It’s well into the shopping season and we sincerely hope you have been checking your credit card balance as you go. It’s easy to lose track and in addition to gifts, we often spend more on food, entertainment and travel which can lead to a shock when the credit card bill comes rolling in. There isn’t any financial case to be made for carrying a credit card balance – the minimum payment trap combined with sky-high interest rates ensures that you will likely still be paying for Christmas come Canada Day! If you spent too much you have to deal with it as quickly as possible. Here are some tips to get you started.
- If you are carrying a balance, the first step is to put the card(s) away. Whether you put them in the food processor or just temporarily turn them off (our recommendation), you need to own up to your mistake and not add any more fuel to the fire. If it’s the case where you have no choice but to use the card (a prepayment for example) make sure to make a payment to cover that charge right away.
- Take a minute to fully understand the consequences of a credit card balance. Search out the details of your credit card statement until your find the section that tells you exactly how many years it will take to eliminate that balance with minimum payments. While you are at it, make sure to confirm the interest charge for that month and just how little of your payment is actually going toward reducing the balance. It can be a bit shocking, but also quite motivating!
- Plan your repayment attack. Making a few random spending sacrifices and hoping that you will have a little more left at the end of the month to pay towards your card is wishful thinking. You need to figure out ASAP the maximum amount you can throw at your credit card debt every month and chart out when you are going to be debt-free. Set up an automatic transfer from your bank account to your card every payday and make that money invisible – you can’t spend what you can’t see!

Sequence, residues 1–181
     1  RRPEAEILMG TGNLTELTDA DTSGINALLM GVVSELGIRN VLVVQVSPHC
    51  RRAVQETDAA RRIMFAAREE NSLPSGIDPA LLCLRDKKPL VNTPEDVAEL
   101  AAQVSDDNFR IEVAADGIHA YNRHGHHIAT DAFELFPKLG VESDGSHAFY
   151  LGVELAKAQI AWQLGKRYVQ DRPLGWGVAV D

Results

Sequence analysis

- Investigate balance-transfer credit card options… but only if you have a plan and are confident you can pay off the balance within the prescribed period! A balance transfer card shifts your debt to a new card (for little or no fee) which offers a limited time period (usually 6 -12 months) with a very low interest rate (often 0%) to pay off the balance.
This cuts your interest expense to zero and ensures that 100% of your payment goes to reducing the balance. However, you have to be very disciplined and have the income to make regular payments. The card company is literally banking on you to fail and hopes you will miss the payment deadline, because that will trigger an avalanche of penalties, fees and interest charges that will put you worse off than ever!
- Pick up the phone and call your card company. It might be more possible and easier than you think to actually negotiate a lower interest rate on your credit card. If you have had a card for a while and have been carrying a balance and making the minimum payments, you are a valued customer! Your card issuer is very interested in keeping your business and may be willing to negotiate.
You will have to get through to the right people and know what to say, but 15 or 20 minutes on the phone could save you a chunk of cash – even a few percentage points would help. Click here for some great advice on how to negotiate with your credit card company.
If you are one for resolutions and looking for a financial fix to focus on for the new year, getting rid of your credit card debt should top your list. The true financial burden and mental baggage are likely a lot heavier than you realize. Creating a repayment game plan and taking some steps to keep you disciplined will be a small price to pay when you see that balance finally tick down to zero.
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